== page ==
What Should I Wear to Court? What Should I Bring to Court?
Every lawyer has horror stories or comical anecdotes of the client who shows up for trial looking like he just got out of bed. One public defender I met told a story of a guy on trial for domestic violence who wore a t-shirt to court that said, “The bit&* made me do it!” When confronted about the apparent admission he wore, he explained, “I just put on the first shirt in my drawer. I did not even notice what I was wearing.”What to Take Away: It is a good idea to think about what one wears and carries to court by asking oneself, “If I were a judge or a juror, what would I think of someone wearing such clothes or holding such items? Would I think the person is a rebel who may break the law deliberately or is the person the type who looks conservative and would be careful to follow the law?”
The “don’ts” list is long, but merits mention. For women, do not wear neon colors, bold reds or all black. Tight fitting clothing is an absolute no-no. Costume jewelry is also a no-no, as are expensive rings. I tell clients to leave bracelets, buttons and lapel pins (except perhaps the U.S. flag) at home. Earrings should be small and not dangling. Makeup should be light and conservative. No false eyelashes. The purse one brings should be small and simple – nothing expensive and no designer purses.
Men should be clean shaven and comb their hair before showing up to court. If one normally has a shaved head, be sure it is freshly shaven. If one has any tattoos, I suggest covering them up as much as is possible. No nose-rings or pins.
Neither men nor women should wear dark or tinted glasses to court. The judge, the jury and the bailiff wants to see the client’s eyes.
What one carries is often scrutinized by jurors, the bailiff and the courtroom staff as well. A small notebook or day-planner is appropriate, but carrying the Wall Street Journal is not, as it gives the impression one is quite wealthy and needs to monitor his stock portfolio during trial. Some clients insist upon bringing a Bible to court, but I discourage this, as it may lead some jurors to sarcastically quip to others, “well, he certainly needs God now” or “maybe he’s trying to learn what he should have known earlier.”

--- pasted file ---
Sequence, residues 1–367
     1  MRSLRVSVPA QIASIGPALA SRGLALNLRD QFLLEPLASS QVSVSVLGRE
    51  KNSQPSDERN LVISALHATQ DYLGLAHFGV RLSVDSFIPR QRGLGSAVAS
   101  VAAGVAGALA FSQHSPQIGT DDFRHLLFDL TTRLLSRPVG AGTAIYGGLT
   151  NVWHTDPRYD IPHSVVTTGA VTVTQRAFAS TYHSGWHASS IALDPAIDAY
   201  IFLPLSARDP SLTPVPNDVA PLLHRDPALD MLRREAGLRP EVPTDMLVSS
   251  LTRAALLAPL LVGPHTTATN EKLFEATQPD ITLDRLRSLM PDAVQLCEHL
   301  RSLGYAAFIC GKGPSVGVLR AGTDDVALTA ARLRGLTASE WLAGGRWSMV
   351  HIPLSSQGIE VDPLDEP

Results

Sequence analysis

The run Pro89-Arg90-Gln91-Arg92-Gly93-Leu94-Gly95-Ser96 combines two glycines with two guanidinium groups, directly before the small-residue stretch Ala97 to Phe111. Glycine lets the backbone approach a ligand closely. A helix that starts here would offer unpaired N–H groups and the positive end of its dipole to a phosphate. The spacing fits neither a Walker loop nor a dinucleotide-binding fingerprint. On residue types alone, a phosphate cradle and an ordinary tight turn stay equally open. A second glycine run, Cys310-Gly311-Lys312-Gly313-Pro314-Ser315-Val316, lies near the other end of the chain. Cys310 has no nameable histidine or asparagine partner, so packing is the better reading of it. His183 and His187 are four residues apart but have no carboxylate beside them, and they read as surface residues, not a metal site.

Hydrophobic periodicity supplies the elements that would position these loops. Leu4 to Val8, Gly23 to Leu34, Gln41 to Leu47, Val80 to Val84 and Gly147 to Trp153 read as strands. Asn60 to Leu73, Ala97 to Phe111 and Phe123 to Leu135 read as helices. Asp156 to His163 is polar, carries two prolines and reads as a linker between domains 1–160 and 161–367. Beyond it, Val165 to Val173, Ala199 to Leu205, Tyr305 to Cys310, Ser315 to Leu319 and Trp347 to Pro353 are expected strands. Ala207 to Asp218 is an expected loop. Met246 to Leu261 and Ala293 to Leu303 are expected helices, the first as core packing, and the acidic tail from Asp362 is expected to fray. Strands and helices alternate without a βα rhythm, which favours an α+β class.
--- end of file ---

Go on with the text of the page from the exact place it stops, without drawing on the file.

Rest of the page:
When in court, respect for the judicial process, no matter how resentful one may feel or how unfair one believes it is, is probably the most important thing to show. Always address the judge with “Your honor” and never, ever interrupt the judge. It is also important to speak clearly and keep one’s answers short.
One should also do one’s best to keep all body language in check. Crossing one’s arms across one’s chest, as if one is angry, can show defiance of the judicial process. Slouching in one’s chair is similarly disrespectful and can suggest the verdict is unimportant to one, or that the defendant has given up, in admission of his crime.
Lastly, I ask that clients create eye contact with the judge and bailiff. It shows confidence and this can signal to jurors that one is innocent. I also ask that the client momentarily give eye contact with jurors, but nothing more than momentary.
For more information about being in court, click on the following articles:
Contact Greg Hill & Associates